is my only vice," he says.
Go Golf: During last Friday's first round of the LPGA's Sara Lee
Classic, Rachel Hetherington "looked as bad as a Mike Tyson
sparring partner," says one witness. The shaky Aussie, who could
barely swing a club at the 5th tee, hung tough and shot a
five-under-par 67. "It was a 24-hour flu," says Hetherington,
who tied for fifth behind winner Barb Mucha. "I'm just glad
there were lots of portable toilets near the trees."
The Wrong Range: According to fourth-year pro Moira Dunn, there
was also gunfire near the trees at the Sara Lee. "On Saturday we
heard bullets whizzing through the trees," says Dunn, who took
cover while playing partner Carin Koch ran for help. Police
never found the shooter, and play at Hermitage Golf Course was
Red Alert: After a nosebleed so serious that he was
hospitalized, Doug Sanders shot 78 in the final round of the
Home Depot Invitational to finish 31 strokes off the lead. He
then began lobbying for sponsors' exemptions to other events.
"They say the Senior tour doesn't have any color. Where can you
find color like Sanders?" asked Sanders, decked out in blue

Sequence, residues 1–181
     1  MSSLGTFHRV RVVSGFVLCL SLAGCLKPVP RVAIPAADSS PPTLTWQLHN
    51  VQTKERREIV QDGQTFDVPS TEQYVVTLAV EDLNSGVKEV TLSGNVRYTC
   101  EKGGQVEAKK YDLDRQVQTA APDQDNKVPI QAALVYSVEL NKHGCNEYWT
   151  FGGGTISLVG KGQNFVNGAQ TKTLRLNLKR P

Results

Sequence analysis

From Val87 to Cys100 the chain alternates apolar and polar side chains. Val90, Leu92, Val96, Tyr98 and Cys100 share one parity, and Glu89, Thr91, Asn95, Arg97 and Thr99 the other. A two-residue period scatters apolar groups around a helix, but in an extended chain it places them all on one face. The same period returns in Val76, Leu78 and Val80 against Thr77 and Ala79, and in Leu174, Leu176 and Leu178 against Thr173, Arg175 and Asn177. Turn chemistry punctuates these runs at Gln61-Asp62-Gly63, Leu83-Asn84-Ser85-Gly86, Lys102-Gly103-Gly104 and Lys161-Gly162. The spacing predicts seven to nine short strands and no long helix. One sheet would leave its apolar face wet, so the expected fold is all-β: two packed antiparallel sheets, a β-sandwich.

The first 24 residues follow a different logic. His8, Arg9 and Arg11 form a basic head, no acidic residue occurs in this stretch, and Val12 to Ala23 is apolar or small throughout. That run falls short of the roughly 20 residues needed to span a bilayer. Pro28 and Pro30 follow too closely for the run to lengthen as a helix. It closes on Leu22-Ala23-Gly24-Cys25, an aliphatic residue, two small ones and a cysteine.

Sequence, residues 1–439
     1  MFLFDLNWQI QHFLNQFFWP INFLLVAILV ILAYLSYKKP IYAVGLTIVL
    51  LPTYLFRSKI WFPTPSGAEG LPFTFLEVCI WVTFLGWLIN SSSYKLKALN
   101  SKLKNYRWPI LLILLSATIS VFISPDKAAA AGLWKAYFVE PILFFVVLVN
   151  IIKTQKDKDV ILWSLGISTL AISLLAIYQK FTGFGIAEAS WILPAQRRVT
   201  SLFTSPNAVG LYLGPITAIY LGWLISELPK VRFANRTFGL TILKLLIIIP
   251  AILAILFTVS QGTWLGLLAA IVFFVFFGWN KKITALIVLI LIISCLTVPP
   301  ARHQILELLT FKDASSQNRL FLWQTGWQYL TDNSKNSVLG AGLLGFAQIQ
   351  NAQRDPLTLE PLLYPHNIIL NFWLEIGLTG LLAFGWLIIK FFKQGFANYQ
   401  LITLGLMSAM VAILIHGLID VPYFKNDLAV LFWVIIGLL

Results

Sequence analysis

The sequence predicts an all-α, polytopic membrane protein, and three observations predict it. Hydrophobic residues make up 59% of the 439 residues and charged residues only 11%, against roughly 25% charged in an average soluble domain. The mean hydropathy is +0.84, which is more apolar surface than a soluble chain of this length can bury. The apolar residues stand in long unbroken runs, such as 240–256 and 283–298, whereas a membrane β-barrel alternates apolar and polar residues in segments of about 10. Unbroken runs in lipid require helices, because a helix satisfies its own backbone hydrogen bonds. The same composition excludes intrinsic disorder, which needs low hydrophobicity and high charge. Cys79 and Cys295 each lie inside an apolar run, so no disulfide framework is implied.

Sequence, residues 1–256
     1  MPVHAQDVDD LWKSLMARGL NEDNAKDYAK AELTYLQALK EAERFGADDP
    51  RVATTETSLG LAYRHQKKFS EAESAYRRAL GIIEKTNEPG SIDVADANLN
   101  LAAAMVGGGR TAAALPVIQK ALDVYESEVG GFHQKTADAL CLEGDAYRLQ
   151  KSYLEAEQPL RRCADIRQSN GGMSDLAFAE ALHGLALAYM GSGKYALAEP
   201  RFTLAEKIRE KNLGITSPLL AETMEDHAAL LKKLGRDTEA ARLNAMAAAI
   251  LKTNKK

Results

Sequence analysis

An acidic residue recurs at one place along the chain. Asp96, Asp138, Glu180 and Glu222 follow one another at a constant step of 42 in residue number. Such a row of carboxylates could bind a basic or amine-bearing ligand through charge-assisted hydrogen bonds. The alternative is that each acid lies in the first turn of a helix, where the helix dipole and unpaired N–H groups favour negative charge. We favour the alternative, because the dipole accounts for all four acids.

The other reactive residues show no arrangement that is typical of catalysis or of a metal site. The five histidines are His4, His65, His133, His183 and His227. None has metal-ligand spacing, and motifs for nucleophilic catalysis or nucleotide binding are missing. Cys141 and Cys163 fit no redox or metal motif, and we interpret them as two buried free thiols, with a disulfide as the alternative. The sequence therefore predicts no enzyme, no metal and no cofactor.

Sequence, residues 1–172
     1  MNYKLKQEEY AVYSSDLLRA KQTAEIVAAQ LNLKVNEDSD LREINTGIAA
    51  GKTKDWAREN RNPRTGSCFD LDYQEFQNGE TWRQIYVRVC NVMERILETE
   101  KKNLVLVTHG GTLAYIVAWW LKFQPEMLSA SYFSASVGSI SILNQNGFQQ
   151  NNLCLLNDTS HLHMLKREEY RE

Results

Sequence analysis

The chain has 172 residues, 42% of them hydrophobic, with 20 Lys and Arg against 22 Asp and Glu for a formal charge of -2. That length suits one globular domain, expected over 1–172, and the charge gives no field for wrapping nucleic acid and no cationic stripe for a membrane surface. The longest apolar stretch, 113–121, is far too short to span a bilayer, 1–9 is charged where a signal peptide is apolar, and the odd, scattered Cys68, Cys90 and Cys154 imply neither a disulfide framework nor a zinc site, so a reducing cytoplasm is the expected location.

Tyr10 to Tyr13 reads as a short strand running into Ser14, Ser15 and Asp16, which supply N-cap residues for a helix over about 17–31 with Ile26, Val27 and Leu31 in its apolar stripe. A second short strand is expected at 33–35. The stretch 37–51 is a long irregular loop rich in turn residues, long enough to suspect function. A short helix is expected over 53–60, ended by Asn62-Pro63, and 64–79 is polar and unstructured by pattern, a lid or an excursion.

pants, blue shoes and a red-white-and-blue shirt.
A Hall with No Roof: When Senior player Walter Hall phoned his
wife from Charlotte on the eve of the Home Depot, he learned
that she had just crawled out of a closet. Carol Hall had hidden
there while a tornado tore the roof off their Clemmons, N.C.,
house. Hall zoomed home to survey the damage, "but there was
nothing to do but sit and be miserable," he says. So he returned
to Charlotte and finished birdie-birdie-birdie to shoot 72 in
Friday's opening round. Hall ultimately came in 28th and earned
$7,993, much of which may soon be spent, fittingly enough, at a
PASS THE BIKINI WAX
Gary McCord, who turns 50 on May 23, is already celebrating. At
a birthday party attended by Cheech Marin, Johnny Bench, Mark
and Sheryl Calcavecchia, Phil and Amy Mickelson, and other
dignitaries at Grayhawk Golf Club in Scottsdale, Ariz., McCord
(left) wore a beanie and trench coat over "something I threw